The first order of business for the new Kelpie owner is to buy some books or DVD’s showing the Australian Kelpie’s working style and historical background in order to understand why they shouldn’t be expected to work like a Blue Heeler or a Border Collie. The Kelpie most closely works like a Border Collie and has a similar personality. Note the work similar, as the Kelpie is typically more independent and tries to do their own thinking in tough stock situations. One major difference is that many Border Collie lines have become either 3-5 sheep trial dogs or Frisbee catchers, with very little thinking ability as there is a whistle being blasted into their ears and a down command every three seconds. Don’t get me wrong, as the Border Collie is a great breed and there are many breeders now focused on breeding dogs for the real needs of a farm or ranch. We still keep a couple around our ranch and always will. We have many neighbors with our Border Collie blood lines working on their ranches, with that line of dogs coming originally from Ireland with Sean Derrig. Sean excelled in trialing Border Collies in both single and brace trials and is now very successful in the horse back pointing dog trials throughout the U.S.A and Canada, with many championships under his belt. If it wasn’t for Sean, we might not be where we are today in the stock dog arena.

The Queensland Heeler is a dog that soured many stock people to working dogs as the owner typically only saw the rear end of the stock as it was running off with dogs nipping at their heels. As many ranch owners can attest, most of this breed ended up as a truck dog and was left chained up on the truck bed until dinner time back at the house. They can be great dogs in the right environment, but again misunderstood and improperly used in most cases.

The above two breeds are most familiar to stock people outside of Australia, but the Australian Kelpie originated and developed on a continent that has one of the harshest environments to which a dog could be exposed. In the summers the heat can be unbearable and then when winter rolls around you have cold and damp all the way to snow. The Kelpies are expected to work through all these conditions and live a Spartan life in a no nonsense kennel.  Many survive on cull livestock or other game shot to feed the dogs. Tough is as tough does. The Kelpie adapted and is now considered the primary stock dog in Australia.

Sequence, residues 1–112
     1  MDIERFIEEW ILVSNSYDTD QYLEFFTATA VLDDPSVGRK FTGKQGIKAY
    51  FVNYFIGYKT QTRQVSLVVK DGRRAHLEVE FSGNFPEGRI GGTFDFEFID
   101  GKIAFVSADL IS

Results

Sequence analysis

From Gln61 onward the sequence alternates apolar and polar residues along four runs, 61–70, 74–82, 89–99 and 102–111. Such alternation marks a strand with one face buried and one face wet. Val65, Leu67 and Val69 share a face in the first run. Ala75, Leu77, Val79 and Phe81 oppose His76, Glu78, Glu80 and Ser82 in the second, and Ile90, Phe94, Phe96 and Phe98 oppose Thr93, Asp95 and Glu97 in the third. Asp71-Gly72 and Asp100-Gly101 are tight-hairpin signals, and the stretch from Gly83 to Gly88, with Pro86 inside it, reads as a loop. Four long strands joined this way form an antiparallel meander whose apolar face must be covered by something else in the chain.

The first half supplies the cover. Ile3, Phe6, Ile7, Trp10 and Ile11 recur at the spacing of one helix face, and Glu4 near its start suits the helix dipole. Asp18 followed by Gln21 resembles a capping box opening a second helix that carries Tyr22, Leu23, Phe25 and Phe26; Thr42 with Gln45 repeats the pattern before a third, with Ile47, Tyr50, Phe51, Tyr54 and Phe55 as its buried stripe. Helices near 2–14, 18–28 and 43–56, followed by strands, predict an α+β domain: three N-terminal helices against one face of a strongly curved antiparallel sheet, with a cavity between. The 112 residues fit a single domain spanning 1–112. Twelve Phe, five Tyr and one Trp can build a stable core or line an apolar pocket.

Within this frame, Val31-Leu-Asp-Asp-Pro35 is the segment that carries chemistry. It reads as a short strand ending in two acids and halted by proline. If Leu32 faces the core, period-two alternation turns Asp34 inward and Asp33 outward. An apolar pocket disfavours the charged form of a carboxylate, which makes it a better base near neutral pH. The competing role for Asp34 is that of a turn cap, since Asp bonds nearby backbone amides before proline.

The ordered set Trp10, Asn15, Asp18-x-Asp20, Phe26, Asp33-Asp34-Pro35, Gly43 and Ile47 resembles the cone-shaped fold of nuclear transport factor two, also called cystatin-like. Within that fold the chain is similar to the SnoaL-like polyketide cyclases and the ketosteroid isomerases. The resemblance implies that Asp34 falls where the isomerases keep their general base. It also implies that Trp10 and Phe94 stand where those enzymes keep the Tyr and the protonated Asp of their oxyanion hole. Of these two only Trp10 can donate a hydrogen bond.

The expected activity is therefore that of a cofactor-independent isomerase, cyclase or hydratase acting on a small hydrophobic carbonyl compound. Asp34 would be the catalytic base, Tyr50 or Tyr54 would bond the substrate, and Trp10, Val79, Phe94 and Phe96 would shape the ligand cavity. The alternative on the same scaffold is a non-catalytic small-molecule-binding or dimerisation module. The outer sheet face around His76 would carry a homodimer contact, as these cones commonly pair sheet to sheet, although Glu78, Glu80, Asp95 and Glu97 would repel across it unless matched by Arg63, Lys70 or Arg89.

In January 2010, we attended a 38,000 mixed sheep and lamb sale at Forbes, New South Wales with Kevin Howell and his seven dogs. They worked from dawn to dusk alongside other stockmen and their dogs in 90 degree heat. My survey during the day indicated that there were 80 plus dogs working the stock yards and only one was not a Kelpie! The truck drivers, stock agents and owners each had a dog or two, or in our case seven, and the dog of choice was the Kelpie. Please note that we are not advertising our dogs as only open country operators! We breed and import dogs that are expected to work the open range, to handle stock in corrals (yards in Aussie) and to load and unload trucks, in addition to attending a field trial on the weekends, if their owners have time. This is a versatile breed and our lines reflect multiple use backgrounds.

Finally, this letter was written for our web page to provide an honest and informative discussion on whether Kelpies, specifically the type we are aiming to produce for farm and ranch work, will fit you and your program. Our intention is to educate the North American public about this breed and how they can fit into the more recently adopted handling techniques being promoted. A good working dog can cut down on operational costs, keep stock in a calm and healthy state, and at the end of the day, be a partner on which you can depend in what we all know is a very risky business. Happy Trails to you, your horse (or mule) and your faithful Kelpie!


Bill and Janice Mytton